Description of the objective
Amendments to the existing regulations are required to modernize and strengthen the CBSA export program. The changes proposed are consistent with the strategic objectives of the CBSA and the views of the program's key stakeholders, and they mitigate gaps identified by the Office of the Auditor General in its 2015 audit on Controlling Exports at the Border.
The proposed changes include:
Definition of Exporter
According to the current definition in the regulations, an entity without a Business Number (BN) is not considered an "exporter". As a result, it is difficult for the CBSA to assess penalties against persons without BNs and it creates a security loophole. This results in a situation where the CBSA is unable to enforce the Customs Act against persons who attempt to circumvent export controls by neglecting to obtain a BN. This issue is equally of concern to internal and external stakeholders.
Mandatory Electronic Reporting
Exports can still be reported using paper forms. Paper-based export reporting is costly, time-consuming, and poses significant challenges for export risk assessment and targeting. Paper declarations must be manually risk assessed which is rarely feasible given current reporting timelines and limited program operational resources. Also, external stakeholders are being required to deal with the Agency electronically on the import side but not when it comes to exports. This specifically causes problems for customs service providers, freight forwarders and carriers who are developing systems and processes to deal with clients electronically. To mitigate risks and inefficiencies posed by paper reporting, the Agency is seeking to introduce mandatory e-reporting for commercial exports through regulatory amendment.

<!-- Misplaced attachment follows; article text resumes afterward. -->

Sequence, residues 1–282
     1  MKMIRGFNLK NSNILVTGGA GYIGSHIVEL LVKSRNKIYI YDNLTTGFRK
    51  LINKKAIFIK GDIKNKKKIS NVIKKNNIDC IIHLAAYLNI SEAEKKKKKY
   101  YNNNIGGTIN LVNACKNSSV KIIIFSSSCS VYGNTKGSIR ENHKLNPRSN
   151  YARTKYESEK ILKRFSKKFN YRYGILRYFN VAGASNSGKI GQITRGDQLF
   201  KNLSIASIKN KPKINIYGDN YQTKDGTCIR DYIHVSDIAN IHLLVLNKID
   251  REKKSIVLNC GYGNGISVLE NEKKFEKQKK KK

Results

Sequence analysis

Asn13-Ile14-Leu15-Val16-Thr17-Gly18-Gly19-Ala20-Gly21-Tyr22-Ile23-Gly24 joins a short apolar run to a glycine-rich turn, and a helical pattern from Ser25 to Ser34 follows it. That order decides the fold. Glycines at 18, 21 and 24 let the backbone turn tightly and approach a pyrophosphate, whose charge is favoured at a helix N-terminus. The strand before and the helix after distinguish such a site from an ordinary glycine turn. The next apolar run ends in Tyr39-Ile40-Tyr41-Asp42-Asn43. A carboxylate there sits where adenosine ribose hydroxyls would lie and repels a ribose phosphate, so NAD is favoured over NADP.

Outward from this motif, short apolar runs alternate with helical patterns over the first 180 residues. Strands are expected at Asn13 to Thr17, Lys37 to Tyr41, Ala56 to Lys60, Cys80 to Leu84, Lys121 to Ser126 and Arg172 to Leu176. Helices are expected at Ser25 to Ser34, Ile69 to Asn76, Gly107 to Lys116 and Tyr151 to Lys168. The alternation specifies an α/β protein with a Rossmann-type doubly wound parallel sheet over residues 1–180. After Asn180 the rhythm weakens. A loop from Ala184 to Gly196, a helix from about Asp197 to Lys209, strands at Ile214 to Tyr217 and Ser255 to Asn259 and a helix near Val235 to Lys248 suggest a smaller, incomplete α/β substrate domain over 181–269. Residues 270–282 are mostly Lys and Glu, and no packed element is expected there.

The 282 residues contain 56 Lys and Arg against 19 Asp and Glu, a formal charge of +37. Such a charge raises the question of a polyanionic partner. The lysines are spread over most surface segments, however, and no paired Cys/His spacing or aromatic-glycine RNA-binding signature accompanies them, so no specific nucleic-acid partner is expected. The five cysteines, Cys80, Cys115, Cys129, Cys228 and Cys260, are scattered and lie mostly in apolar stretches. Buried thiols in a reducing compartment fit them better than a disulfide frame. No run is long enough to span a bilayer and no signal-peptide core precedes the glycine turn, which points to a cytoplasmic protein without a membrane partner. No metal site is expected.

Summary Reporting Program
Summary Reporting allows approved exporters to report their exports monthly after the goods have left Canada. This means the goods cannot be risk assessed or examined before departure. The original purpose of this program was to facilitate the export of low-risk bulk and/or homogenous goods such as grain, lumber, coal, and pulp. However, the regulations currently do not allow for a risk assessment of the applicants and participants of this program or the requirement that they have trusted trader status. Amending the regulations will help to create an effective bulk and homogeneous reporting program with a risk assessment component for participants and clearly defined criteria for eligible participants and goods.
Enabling Act: Customs Act
Indication of business impacts
There may be business impacts. The "One-for-One" Rule and/or the small business lens may apply.
Public consultation opportunities
Consultations with internal and external stakeholders have been ongoing since the start of the review of the export program several years ago. These consultations will continue through the Border Commercial Consultative Committee.
Canada Border Services Agency
- Government-wide Administrative Burden Baseline counts
- Government-Wide Forward Regulatory Plans
- Cabinet Directive on Regulatory Management
- Red Tape Reduction Action Plan
- Canada-United States Regulatory Cooperation Council
- Date modified: